A FRENCH archaeologist has deciphered ‘Elamite’, a 4,000-year-old writing system using symbols which he has spent 10 years studying.
François Desset has managed to decipher one of the last ancient languages that were still not understood: Elamite, spoken in modern Iran about 4,000 years ago.
As published in this month’s issue of the journal ‘Sciences et avenir’, Desset, who currently works at the University of Tehran, has deciphered the meaning of writing found from various ceramics and other objects found at ruins of the city of Susa in 1901.
It was a phonetic language that belonged to the kingdom of Elam and that, based on its antiquity, is at the same level as the Mesopotamian Protocuneiform writing and the Egyptian hieroglyph, the oldest known to date.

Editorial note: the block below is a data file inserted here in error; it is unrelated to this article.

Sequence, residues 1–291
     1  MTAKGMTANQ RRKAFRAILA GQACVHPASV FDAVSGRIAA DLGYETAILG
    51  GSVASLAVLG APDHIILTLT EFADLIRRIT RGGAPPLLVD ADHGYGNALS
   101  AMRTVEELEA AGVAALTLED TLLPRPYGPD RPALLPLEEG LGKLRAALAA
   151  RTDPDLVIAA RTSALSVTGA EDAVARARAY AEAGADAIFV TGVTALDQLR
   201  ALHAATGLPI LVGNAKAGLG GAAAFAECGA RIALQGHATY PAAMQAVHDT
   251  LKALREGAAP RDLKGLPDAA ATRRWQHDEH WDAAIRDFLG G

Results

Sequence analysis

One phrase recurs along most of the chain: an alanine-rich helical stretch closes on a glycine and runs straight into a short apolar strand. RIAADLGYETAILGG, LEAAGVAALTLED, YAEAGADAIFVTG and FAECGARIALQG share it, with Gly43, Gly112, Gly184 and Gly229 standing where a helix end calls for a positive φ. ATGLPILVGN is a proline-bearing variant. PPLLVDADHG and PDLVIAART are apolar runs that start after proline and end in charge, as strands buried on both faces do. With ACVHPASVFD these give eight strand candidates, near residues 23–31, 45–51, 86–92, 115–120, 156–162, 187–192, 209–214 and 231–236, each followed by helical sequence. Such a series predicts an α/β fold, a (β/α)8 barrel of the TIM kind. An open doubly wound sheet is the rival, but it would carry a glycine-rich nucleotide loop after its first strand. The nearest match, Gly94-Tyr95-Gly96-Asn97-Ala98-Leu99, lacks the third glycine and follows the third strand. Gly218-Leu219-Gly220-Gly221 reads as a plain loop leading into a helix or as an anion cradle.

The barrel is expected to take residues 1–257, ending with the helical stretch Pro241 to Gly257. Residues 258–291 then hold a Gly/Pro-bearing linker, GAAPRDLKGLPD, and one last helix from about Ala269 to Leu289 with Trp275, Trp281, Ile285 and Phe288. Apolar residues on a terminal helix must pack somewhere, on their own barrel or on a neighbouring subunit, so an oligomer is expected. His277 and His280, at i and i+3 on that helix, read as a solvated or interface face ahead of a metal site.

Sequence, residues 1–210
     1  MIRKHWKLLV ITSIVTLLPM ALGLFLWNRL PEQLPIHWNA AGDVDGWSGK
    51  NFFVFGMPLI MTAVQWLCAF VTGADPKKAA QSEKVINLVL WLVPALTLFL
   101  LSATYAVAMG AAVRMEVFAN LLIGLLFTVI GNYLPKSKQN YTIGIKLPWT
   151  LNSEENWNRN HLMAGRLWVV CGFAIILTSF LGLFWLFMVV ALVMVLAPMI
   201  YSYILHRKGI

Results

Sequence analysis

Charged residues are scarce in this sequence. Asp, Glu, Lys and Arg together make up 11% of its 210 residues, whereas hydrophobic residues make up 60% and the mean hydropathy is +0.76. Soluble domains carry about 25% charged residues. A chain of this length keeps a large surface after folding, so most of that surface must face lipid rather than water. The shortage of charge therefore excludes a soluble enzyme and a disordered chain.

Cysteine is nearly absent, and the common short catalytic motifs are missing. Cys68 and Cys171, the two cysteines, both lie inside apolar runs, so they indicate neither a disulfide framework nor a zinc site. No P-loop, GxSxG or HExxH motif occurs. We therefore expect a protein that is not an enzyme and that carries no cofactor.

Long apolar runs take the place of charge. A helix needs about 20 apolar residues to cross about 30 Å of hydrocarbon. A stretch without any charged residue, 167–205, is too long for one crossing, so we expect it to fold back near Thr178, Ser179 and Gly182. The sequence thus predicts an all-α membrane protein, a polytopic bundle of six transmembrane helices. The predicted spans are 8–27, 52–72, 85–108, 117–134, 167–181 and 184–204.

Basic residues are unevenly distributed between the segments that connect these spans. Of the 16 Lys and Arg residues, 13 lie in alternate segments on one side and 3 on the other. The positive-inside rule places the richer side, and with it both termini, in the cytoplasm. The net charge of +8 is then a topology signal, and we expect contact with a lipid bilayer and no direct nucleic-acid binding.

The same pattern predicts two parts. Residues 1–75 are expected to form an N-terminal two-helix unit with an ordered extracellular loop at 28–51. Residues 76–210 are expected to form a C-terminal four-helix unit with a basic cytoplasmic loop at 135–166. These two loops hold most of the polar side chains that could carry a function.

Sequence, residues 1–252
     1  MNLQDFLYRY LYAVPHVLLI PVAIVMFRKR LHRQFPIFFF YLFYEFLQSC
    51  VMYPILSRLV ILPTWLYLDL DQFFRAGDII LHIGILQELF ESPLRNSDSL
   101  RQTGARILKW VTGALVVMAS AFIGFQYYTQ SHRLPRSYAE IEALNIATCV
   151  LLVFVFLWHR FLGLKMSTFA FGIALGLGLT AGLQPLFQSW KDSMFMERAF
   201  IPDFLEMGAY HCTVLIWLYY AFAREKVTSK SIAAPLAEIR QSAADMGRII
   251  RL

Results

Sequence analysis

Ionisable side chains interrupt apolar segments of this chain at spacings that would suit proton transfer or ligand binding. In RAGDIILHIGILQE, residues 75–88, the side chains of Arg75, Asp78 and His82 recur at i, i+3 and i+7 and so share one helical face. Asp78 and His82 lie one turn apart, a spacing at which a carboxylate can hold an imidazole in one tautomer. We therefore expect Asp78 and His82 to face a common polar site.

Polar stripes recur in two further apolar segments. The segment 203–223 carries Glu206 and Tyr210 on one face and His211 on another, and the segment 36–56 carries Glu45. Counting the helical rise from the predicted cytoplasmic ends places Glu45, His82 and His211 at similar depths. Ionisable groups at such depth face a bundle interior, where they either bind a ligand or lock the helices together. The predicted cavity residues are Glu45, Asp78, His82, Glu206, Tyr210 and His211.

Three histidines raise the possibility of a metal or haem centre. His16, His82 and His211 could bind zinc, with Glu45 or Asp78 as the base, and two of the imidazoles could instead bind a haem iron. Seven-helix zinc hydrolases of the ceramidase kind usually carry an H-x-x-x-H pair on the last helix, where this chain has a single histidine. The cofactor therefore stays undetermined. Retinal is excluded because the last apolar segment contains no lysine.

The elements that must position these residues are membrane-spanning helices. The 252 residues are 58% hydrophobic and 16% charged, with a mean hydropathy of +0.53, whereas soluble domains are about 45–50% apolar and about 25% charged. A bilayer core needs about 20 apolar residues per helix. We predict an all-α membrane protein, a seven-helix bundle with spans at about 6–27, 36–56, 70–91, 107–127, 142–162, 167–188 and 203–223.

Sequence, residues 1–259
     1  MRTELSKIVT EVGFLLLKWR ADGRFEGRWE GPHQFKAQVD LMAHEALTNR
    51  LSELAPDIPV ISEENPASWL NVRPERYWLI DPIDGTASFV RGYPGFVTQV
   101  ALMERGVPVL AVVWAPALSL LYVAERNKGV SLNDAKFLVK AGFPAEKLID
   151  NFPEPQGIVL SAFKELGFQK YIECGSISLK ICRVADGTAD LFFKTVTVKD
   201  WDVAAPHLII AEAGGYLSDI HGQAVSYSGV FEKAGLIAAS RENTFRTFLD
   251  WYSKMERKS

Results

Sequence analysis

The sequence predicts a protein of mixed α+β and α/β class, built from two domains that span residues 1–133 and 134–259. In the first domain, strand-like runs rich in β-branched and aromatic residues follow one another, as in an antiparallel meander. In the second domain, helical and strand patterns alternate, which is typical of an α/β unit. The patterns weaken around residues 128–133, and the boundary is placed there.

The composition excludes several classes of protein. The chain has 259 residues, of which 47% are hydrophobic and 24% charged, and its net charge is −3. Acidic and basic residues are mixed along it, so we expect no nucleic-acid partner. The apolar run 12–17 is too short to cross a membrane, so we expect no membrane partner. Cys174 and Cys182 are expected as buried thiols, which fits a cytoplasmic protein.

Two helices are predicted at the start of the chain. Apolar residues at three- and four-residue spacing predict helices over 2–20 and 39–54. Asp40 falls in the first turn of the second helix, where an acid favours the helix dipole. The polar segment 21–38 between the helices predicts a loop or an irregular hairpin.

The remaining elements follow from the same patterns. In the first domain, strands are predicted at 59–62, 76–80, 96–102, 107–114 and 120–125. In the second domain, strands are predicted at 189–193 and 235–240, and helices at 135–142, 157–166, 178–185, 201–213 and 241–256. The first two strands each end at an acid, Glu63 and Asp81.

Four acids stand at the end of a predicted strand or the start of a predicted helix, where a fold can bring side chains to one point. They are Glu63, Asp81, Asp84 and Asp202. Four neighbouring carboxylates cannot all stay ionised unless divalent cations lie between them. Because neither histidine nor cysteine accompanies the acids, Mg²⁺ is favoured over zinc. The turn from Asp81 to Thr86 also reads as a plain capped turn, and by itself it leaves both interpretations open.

Desset, a professor also associated with the University of Lyon and an expert on the Bronze Age and the Iranian Neolithic, has managed to identify a series of characters that were repeated and concluded that they were proper names. He associated them with the names of two Elamite rulers and the local goddess Napirisha, which allowed him to establish tables of correspondence with the words found.
“I can say that writing did not appear first in Mesopotamia exclusively, two writings appeared in two different regions at the same time,” Desset told ‘Sciences et avenir’.
Unlike the Mesopotamian cuneiform, which is phonetic (signs that express sounds) and logogrammic (signs that express concepts), Elamite is made up of signs that express syllables, consonants and vowels, according to the archaeologist.
This language, used for 1,400 years, was written from right to left and top to bottom.
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